The film documents the various rises and falls of the player with the three-pointer record and the slim build, showing us who Curry is off the court as well as on. It’s a very conventional but likable look at the kind of talent that doesn’t come along every day.
Stephen Curry: Underrated review
When we meet Steph Curry, he’s celebrating with his one-time teammate Kevin Durant. Curry’s just made NBA history by scoring 2,974 three-pointers (that number’s jumped to 3,390 since this movie was made if I’m not mistaken) and having an unbroken streak of 227 consecutive regular-season games with at least one three-pointer.
So what’s next for Curry? And just where did this astonishing player come from?
He wasn’t ever the tallest player around, least of all when he started playing little league games at age 9. However, he had focus, reach, and an eye and an arm for shooting. His dad Wardell Curry had been an NBA player for almost 20 years, so the pressure was on to become somebody (not least because Steph’s brother Seth was also a prospect; he’s currently on the Brooklyn Nets’ roster, though he’s recovering from surgery).
Looks can be deceiving
Steph was not someone who passed “the eye test,” which is to say you look at a player and think he belongs in the game. But he knew if he got the right chance, he could prove he was meant to be in the paint. Slowly his performance on his high school team brought him to the attention of scouts, and he ended up at Davidson College.
The rest of the team there looked askance at Steph. He was scrawny, short and couldn’t block his teammates. Plus, he performed poorly in his first season. However, his coaches started him again anyway, and he finally started playing up to his potential. He was benched afterward, but he knew something he didn’t the night before: He could do this.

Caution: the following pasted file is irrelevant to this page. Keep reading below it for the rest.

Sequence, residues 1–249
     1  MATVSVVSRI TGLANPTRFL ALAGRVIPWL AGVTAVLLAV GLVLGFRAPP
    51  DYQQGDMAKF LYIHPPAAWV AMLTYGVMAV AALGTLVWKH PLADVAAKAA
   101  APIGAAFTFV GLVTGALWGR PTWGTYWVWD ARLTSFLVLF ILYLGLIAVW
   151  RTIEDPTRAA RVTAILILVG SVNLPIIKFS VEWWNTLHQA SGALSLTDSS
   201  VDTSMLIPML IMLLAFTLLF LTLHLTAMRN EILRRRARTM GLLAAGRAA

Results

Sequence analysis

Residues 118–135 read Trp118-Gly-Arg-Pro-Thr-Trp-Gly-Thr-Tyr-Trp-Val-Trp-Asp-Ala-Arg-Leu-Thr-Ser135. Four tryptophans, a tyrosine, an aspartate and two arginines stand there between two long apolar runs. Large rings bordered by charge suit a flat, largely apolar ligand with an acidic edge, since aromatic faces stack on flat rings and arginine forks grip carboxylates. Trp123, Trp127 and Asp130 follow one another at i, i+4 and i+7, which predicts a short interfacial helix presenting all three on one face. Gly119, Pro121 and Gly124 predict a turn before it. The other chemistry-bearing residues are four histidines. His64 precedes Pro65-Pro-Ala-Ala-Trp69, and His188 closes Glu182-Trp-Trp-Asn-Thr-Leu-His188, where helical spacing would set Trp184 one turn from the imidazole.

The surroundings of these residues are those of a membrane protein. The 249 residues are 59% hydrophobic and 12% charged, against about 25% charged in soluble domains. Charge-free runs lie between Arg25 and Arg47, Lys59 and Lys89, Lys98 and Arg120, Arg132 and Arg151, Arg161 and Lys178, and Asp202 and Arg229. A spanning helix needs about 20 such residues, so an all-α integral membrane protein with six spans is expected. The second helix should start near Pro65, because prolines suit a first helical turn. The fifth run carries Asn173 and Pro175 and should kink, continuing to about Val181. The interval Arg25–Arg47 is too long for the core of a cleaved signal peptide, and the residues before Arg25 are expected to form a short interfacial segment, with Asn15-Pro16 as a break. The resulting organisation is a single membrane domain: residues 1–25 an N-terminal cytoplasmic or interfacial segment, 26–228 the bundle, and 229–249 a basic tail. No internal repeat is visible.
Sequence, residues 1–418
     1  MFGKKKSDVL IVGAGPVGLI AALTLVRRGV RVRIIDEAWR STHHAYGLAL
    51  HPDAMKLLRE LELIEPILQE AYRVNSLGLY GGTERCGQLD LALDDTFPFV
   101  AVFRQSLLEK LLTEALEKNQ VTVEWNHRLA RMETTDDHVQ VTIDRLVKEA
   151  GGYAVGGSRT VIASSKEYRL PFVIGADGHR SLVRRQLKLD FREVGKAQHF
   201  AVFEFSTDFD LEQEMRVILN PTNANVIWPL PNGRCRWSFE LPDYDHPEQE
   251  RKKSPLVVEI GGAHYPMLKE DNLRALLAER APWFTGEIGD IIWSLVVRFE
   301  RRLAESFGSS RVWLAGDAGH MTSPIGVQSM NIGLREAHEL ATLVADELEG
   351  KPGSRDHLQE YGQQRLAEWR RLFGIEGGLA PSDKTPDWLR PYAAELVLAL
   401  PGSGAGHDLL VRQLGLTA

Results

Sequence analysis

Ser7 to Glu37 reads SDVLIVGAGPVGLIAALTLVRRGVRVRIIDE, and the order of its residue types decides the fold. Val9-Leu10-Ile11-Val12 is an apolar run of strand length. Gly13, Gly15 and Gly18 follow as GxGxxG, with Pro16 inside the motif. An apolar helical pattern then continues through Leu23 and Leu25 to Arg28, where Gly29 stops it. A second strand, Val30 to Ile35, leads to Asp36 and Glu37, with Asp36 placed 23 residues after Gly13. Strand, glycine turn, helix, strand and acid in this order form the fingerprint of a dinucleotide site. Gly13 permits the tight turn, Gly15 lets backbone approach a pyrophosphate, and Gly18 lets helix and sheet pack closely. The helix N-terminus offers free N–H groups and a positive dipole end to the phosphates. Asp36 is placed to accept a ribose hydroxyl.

The team, though? Less so. The Wildcats went through a terrible couple of seasons — a losing streak paralleled by Curry’s Golden State Warriors bad patch in 2021 and 2022. That’s where we join him in the present in Underrated. Steph ended up leading Davidson to its first NCAA tournament win since 1969. Can he do the same in the present?
A portrait of a likable basketball superstar
Compared to some of director Peter Nicks‘ previous movies — The Waiting Room, about a hospital tending to uninsured patients; The Force, about a police precinct struggling to establish trust with the rest of the officers’ community; and Homeroom, about Oakland schools — this is a softball subject for the documentarian.
That’s fine. Everyone deserves to make a doc on something they like that doesn’t necessarily have world-changing ambition every now and again. He appears to know what he’s doing, even though Underrated is a little dry at times. (Full disclosure: Nicks made a movie about my friend, filmmaker and writer Daniel Kremer, when he was a kid, but I do not know Nicks nor have I ever met him.)
Steph Curry’s personality is the star of this show
It’s difficult not to get caught up in Steph Curry’s story. He seems like a genuinely nice guy. Footage of him finally getting his college degree and playing with kids humanizes him instantly, despite the quadrillions of dollars he rakes in every year. And I wish the film showed us more of him just hanging out.
The camaraderie between players, the language they share — that’s not something you get a lot of in Underrated. The film only has so much to offer in that department, as it must necessarily rely on talking head interviews and archival footage of the games Curry’s played, which are not shot in a cinematic fashion.
To debut this documentary in the middle of the second season of stellar Apple TV+ basketball drama Swagger seems like a risky move, because that show’s creator, Reggie Rock Bythewood, has figured out how to make basketball cinematic and exciting. Still, Stephen Curry: Underrated offers an ingratiating if overlong look at a gifted player.
Watch Stephen Curry: Underrated on Apple TV+
Stephen Curry: Underrated premieres Friday, July 21 on Apple TV+.
Watch on: Apple TV+
Scout Tafoya is a film and TV critic, director and creator of the long-running video essay series The Unloved for RogerEbert.com. He has written for The Village Voice, Film Comment, The Los Angeles Review of Books and Nylon Magazine. He is the author of Cinemaphagy: On the Psychedelic Classical Form of Tobe Hooper and But God Made Him A Poet: Watching John Ford in the 21st Century, the director of 25 feature films, and the director and editor of more than 300 video essays, which can be found at Patreon.com/honorszombie.